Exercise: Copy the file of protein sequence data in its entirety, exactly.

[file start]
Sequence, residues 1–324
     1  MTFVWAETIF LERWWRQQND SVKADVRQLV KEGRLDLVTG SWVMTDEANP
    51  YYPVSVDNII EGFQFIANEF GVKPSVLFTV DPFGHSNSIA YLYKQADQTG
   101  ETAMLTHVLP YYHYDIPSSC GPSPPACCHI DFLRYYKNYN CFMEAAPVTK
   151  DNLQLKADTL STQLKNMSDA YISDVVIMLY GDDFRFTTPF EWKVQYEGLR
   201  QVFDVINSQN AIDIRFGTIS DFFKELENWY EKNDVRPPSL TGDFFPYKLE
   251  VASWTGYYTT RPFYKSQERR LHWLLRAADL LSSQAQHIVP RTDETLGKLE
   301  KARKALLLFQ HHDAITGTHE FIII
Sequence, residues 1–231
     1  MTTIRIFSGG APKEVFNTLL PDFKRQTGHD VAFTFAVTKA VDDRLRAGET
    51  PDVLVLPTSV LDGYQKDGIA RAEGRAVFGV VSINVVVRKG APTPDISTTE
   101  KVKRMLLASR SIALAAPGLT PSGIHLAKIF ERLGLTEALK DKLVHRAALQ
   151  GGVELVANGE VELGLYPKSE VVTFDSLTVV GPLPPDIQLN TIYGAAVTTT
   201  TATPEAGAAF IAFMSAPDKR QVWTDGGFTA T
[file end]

Sequence, residues 1–324
     1  MTFVWAETIF LERWWRQQND SVKADVRQLV KEGRLDLVTG SWVMTDEANP
    51  YYPVSVDNII EGFQFIANEF GVKPSVLFTV DPFGHSNSIA YLYKQADQTG
   101  ETAMLTHVLP YYHYDIPSSC GPSPPACCHI DFLRYYKNYN CFMEAAPVTK
   151  DNLQLKADTL STQLKNMSDA YISDVVIMLY GDDFRFTTPF EWKVQYEGLR
   201  QVFDVINSQN AIDIRFGTIS DFFKELENWY EKNDVRPPSL TGDFFPYKLE
   251  VASWTGYYTT RPFYKSQERR LHWLLRAADL LSSQAQHIVP RTDETLGKLE
   301  KARKALLLFQ HHDAITGTHE FIII
Sequence, residues 1–231
     1  MTTIRIFSGG APKEVFNTLL PDFKRQTGHD VAFTFAVTKA VDDRLRAGET
    51  PDVLVLPTSV LDGYQKDGIA RAEGRAVFGV VSINVVVRKG APTPDISTTE
   101  KVKRMLLASR SIALAAPGLT PSGIHLAKIF ERLGLTEALK DKLVHRAALQ
   151  GGVELVANGE VELGLYPKSE VVTFDSLTVV GPLPPDIQLN TIYGAAVTTT
   201  TATPEAGAAF IAFMSAPDKR QVWTDGGFTA T